Two UR researchers receive federal grants

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An illustration of the novel coronavirus binding to ACE-2 receptors on a human cell, the initial stage of COVID-19 infection.

As labs reopen across the University of Rochester, two biologists have received expedited federal funds to follow the interaction of coronavirus with proteins in human cells. The funding is part of the National Science Foundation’s Rapid Response Research program for high-priority projects.

Dragony Fu, an assistant professor of biology, and Jack Werren, the Nathaniel and Helen Wisch Professor of Biology, join others worldwide to learn more about the coronavirus. Fu and Werren will tap their expertise to research proteins in infections from COVID-19.

The goal: to understand the biological mechanisms and proteins involved in COVID-19 infection in order to develop effective treatments and vaccines.

Fu’s lab had been studying a human protein, TRNA Methyltransferase 1, before the pandemic hit. Researchers at the University of California, San Francisco recently discovered that the main COVID-19 protease, proteins that cut the virus’ proteins in smaller pieces for infection, interacts with TRMT1.

Dragony Fu
Photo by J. Adam Fenster / University of Rochester

“The central goal of our lab is to understand the functions of proteins that modify RNA,” Fu says. “TRMT1 happens to be one of the main RNA modification proteins we study, so it was quite serendipitous that it is connected to the COVID-19 virus because we have already established tests to measure TRMT1 function in human cells.”

The primary role of RNA in cells is to help make proteins in the human body. In collaboration with the French National Centre for Scientific Research, Fu is studying why the coronavirus interacts with TRMT1 and how that affects the virus and human cells. He posits that the virus protease cuts TRMT1, preventing it from its normal modification of RNA, ultimately compromising RNA’s function in protein synthesis.

Fu and his team plan to deliver the viral protease gene into human lung cells and use antibodies to detect TRMT1 to see if the protein in fact is being altered by the virus. 

“We will be able to use this knowledge to discover new connections between the virus and the host human cell,” Fu says. “These novel links could serve as potential therapeutic targets for treatment of COVID-19 infection.”

Jack Werren

Werren’s lab is going to identify interactions between an enzyme receptor located on call surfaces—the Angiotensin-converting enzyme 2(the virus binds to this receptor upon entry)—and other human proteins involved in health issues linked to COVID-19 infection.  Using his expertise in evolutionary rate correlation, he expects to identify proteins that may coevolve and interact with the ACE2 receptor on human cells. Werren is using the ERC approach to determine protein interactions relevant to severe symptoms of the disease.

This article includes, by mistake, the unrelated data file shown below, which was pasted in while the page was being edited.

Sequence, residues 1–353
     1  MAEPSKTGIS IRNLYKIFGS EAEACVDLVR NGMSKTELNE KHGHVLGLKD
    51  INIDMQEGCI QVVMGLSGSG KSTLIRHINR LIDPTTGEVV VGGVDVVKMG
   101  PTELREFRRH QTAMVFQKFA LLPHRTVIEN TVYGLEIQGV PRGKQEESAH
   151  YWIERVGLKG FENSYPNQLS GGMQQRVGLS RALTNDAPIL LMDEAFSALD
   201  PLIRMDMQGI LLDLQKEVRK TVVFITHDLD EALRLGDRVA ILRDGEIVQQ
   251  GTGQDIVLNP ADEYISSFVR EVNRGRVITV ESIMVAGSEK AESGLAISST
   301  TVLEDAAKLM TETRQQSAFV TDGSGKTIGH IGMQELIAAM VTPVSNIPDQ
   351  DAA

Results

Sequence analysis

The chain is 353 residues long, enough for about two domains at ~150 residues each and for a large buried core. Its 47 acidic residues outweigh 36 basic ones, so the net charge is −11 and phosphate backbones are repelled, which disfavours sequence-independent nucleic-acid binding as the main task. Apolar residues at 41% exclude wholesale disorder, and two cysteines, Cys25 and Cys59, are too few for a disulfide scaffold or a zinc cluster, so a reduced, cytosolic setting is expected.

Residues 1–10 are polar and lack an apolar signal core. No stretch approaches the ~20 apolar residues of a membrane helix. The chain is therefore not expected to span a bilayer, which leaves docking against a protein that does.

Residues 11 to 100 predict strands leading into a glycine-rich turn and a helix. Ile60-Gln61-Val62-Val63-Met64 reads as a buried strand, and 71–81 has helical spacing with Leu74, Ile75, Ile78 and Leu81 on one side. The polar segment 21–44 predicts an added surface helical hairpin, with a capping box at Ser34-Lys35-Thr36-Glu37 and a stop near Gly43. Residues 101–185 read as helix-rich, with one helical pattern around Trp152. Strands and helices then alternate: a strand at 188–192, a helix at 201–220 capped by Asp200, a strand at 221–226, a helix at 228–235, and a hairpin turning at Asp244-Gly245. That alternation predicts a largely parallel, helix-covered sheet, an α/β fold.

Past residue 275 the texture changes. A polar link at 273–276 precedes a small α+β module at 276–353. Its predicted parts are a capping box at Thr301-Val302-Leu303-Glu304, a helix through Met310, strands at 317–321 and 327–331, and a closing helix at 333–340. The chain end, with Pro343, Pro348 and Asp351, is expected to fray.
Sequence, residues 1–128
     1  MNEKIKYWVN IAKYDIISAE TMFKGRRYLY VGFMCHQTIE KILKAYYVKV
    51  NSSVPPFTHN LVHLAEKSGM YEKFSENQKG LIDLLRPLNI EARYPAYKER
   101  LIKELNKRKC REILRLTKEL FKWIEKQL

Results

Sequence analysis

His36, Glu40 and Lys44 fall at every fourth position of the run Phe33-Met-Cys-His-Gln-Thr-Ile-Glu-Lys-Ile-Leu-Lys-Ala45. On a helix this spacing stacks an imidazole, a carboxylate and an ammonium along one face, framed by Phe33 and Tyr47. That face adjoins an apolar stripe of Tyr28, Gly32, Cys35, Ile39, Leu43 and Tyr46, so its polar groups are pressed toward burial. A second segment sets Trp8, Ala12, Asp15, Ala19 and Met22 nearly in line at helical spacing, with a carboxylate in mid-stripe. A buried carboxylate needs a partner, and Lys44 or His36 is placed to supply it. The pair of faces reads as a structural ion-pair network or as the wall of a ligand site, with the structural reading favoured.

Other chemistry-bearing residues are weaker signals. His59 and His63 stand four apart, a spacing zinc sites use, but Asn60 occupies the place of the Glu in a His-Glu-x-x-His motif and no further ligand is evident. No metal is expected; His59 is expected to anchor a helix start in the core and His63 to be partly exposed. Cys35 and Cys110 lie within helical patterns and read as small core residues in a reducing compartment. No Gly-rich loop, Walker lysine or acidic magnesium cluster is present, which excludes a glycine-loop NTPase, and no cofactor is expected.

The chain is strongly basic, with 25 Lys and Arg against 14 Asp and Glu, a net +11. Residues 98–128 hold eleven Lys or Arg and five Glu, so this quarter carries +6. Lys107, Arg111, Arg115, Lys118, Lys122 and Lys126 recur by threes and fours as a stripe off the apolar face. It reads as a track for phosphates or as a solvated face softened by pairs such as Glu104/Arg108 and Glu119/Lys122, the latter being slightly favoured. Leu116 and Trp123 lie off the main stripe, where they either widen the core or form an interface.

“Our goal is to characterize these interactions further and quickly publish the findings, in case the information will be useful in identifying targets for therapeutic intervention,” Werren says.

Fu and Werren are two examples of several hundreds of researchers that have benefitted from NSF’s Rapid Research Response program. As of June 1, the agency had funded more than 800 research efforts across the nation, exploring issues related to personal protective equipment to epidemic spread models and biological interactions. These awards facilitate interdisciplinary collaborations.

So far, UR has received five Rapid Research Response grants related to COVID-19. Rochester Institute of Technology has earned one.

In separate news, the UR Medical Center was awarded $24.3 million from the National Center for Advancing Translational Science at the National Institutes of Health. The funds are expected to help URMC to continue its efforts to turn scientific discoveries into health benefits faster. The chunk of federal monies brings URMC’s total funding from NCATS to $132 million. In 2006, URMC was one of the first 12 institutions to receive an NCATS award nationwide.

“The COVID-19 pandemic highlights the clear and urgent need for biomedical research–especially translational research,” said University of Rochester President Sarah Mangelsdorf, in a statement. “As one of the nation’s leading research universities, we are devoted to advancing scientific understanding and promoting health and this award will help us continue those efforts.”

The award continues funding for UR’s Clinical and Translational Science Institute, which aims to help researchers rapidly translate discoveries into therapies.

Smriti Jacob is Rochester Beacon managing editor.

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